Upright support members 102 and 104 are joined by lower headers 110 and 112, between which lower spacing member 114 is bolted at flexible joints 114 and 116, which can be of any suitable type which permits angular flexing while maintaining a secure attachment under both tension and sideways displacement. Upper headers 118 and 120 join upright support members 102 and 104 near their upper extremity, and upper headers 118 and 120 further serve as the anchor points for flexible joints 122 and 124 which provide support near ends 126 and 128 of board 130. Details of joints 114, 122 and 124 are preferably the same as the analogous joints 52, 46 and 44, which have been heretofore described in detail in connection with the first form of the invention, particularly at FIGS. 4 and 6. In the form of the invention shown in FIG. 10, it is important that lower header 110, as well as lower header 112, be supported between upright support members 102 and 104 at each respective end of lower spacing member 114 so that lower spacing member 114 does not interfere with dished support plate 100 during longitudinal rocking movement of dished plates 100. The arrangement of supports and flexible joints makes up a structural triangle, forming a triangular prism having a structural rigidity which indicates that support assemblies 132 and 134 move in unison together. Accordingly, radial and longitudinal disorientation between support assemblies 132 and 134 is substantially eliminated, obviating uncontrollable and undesirable twisting motions which could otherwise result.
Keel 138 shown in connection with the second form of the invention serves to prevent breakage of board 130 under conditions of hard use. Should board 130 become overloaded with an excessive number of users, its downward movement will be limited as keel 138 strikes lower spacing member 114. When board 130 is constructed of wood, keel 138 is preferably attached to board 130 by wood screws 140, although other equivalent fastening means can also be used.
In the second embodiment of the second form of the invention shown in FIG. 11, a plurality of vertical stanchions 142 are mounted on board 130, preferably in the same manner shown and described for the second embodiment of the first form of the invention, as illustrated in FIG. 8. Accordingly, stanchions 142 are bolted to a metal bracket (not shown) by bolts 146, and the metal bracket is bolted to board 130 by bolts 144. The metal brackets receive cords 148 and 150, and cords 148 and 150 additionally support battens 152, which serve to hold boards 148 and 150 in a more disciplined relationship and offer additional support for any user of the device leaning against battens 152. Preferably, battens 152 are attached to cords 148 and 150 by brackets (not shown), which are bolted by bolts 154 to battens 152.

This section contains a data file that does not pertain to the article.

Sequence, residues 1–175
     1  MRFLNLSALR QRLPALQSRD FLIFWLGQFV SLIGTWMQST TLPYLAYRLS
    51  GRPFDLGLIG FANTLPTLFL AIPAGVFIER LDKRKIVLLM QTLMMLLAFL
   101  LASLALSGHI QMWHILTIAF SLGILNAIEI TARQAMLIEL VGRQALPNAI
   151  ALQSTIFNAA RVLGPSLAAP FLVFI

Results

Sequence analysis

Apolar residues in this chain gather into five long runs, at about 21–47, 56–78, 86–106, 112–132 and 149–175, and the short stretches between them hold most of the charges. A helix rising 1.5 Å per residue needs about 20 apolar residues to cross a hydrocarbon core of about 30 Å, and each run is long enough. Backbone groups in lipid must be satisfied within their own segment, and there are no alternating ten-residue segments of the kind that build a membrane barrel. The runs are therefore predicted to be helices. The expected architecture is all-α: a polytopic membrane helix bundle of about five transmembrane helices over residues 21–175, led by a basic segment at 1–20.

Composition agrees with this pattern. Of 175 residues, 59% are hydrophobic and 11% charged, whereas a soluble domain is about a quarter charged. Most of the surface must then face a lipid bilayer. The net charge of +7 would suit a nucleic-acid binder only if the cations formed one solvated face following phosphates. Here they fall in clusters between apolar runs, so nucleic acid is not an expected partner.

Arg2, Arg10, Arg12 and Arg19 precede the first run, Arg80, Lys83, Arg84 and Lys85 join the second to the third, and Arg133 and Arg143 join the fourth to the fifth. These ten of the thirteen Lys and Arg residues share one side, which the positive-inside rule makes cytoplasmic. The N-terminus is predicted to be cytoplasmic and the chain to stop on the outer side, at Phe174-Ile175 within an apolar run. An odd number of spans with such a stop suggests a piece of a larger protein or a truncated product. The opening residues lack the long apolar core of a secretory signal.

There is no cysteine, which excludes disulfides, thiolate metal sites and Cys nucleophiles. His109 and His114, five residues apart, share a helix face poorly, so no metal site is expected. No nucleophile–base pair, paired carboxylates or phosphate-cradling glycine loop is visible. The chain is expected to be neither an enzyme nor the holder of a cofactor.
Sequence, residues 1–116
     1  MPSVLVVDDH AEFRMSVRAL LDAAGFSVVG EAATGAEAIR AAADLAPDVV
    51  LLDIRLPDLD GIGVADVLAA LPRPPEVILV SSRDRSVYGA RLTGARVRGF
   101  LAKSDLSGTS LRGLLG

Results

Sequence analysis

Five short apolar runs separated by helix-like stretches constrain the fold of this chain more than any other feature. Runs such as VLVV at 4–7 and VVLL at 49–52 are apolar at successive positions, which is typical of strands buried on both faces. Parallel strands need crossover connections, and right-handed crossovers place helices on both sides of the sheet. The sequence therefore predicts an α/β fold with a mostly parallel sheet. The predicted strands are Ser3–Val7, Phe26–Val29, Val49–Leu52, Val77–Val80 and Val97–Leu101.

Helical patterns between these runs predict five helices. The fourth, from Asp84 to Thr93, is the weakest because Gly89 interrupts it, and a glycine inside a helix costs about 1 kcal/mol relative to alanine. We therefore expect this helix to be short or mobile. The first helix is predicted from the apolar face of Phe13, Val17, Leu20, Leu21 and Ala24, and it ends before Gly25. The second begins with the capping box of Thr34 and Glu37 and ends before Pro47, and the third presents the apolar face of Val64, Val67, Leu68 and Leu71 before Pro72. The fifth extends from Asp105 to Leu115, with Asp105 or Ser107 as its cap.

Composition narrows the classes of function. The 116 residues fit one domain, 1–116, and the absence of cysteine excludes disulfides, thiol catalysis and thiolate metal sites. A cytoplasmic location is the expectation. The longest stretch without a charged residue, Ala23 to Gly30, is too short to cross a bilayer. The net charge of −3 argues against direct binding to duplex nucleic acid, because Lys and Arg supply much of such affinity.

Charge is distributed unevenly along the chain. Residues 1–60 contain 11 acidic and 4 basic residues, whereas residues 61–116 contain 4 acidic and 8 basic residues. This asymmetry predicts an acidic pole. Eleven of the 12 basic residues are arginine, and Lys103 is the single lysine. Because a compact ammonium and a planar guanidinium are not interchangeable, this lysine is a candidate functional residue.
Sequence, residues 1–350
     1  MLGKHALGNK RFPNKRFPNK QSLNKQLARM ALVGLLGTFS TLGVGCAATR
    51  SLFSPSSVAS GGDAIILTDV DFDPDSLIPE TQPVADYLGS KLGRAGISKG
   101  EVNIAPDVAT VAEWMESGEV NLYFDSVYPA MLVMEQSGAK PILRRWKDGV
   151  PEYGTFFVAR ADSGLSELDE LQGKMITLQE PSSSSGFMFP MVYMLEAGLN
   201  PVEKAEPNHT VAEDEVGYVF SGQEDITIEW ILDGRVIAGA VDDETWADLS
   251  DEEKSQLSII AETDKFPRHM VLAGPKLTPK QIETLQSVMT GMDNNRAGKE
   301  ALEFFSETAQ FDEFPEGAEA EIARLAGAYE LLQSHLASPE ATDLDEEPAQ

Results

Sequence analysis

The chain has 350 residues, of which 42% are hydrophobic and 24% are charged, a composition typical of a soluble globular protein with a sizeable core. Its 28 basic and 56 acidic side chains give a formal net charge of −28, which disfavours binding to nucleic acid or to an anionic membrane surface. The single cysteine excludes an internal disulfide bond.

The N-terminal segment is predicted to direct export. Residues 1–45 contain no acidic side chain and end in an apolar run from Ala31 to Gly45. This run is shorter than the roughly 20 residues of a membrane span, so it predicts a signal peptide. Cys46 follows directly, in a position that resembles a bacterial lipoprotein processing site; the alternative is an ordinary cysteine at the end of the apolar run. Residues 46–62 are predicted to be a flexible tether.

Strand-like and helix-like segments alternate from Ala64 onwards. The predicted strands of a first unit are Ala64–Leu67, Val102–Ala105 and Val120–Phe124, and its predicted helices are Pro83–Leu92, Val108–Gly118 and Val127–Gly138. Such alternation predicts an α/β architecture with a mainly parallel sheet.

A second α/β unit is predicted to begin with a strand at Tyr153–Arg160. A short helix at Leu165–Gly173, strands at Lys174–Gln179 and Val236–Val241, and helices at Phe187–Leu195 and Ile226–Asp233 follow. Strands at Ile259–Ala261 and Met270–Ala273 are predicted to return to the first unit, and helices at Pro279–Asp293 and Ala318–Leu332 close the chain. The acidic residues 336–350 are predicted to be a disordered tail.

Substitution of dished plate 100 for intersecting rocker arms 28 and 30 of the first form of the invention facilitates and enhances rotary motion of the device, and particularly facilitates diagonal rocking in an oblique direction from the longitudinal direction.
Although vertical support members 102 and 104 are illustrated in FIGS. 10, 11 and 12 as being made of wood, it may be desirable to utilize other materials of construction than wood, such as welded metal, in order to improve the durability of the device.
The device illustrated in FIGS. 10 and 12 can be used by a person sitting astride board 130 and facing in a longitudinal direction, or by a person facing in a transverse direction with both legs on the same side of board 130. When used in the latter configuration as a bench for sitting and resting, the backrest arrangement of FIG. 11 can be conveniently employed. In operation, the user sits or stands on board 130 of the device and starts board 130 in motion. As the user bounces or joggles briskly, the user begins to leave board 130 each time it rises, and as the user shifts his weight, board 130 begins a swinging motion on support assemblies 132 and 134, allowing the user'"'"'s body to follow a complex course in three dimensions. As with the first form of the invention, a wide variety of games can be played with the device, and two or more persons can use the device at the same time. The device is useful for exercise as well as amusement, and is suitable as an item of lawn furniture for outdoor use. It is to be noted that holes 108 permit drainage of rain water when device 130 is allowed to remain in an outdoor environment.
Competitive, as well as non-competitive, games can be played with the device, and two or more persons can use the device at the same time. Children, as well as adults, can benefit from use of the device, and if the device is to be used only by children, board 24 can be somewhat less sturdy than if the device is for use by adults as well. The device is useful for exercise as well as amusement, since a wide variety of motions possible with the device provide opportunity for exercising a large number of muscle groups of the body.
The foregoing is considered as illustrative only of the principles of the invention. Further, since numerous modifications and changes will readily occur to those skilled in the art, it is not desired to limit the invention to the exact construction and operation shown and described, and accordingly, all suitable modifications and equivalents may be resorted to, falling within the scope of the invention.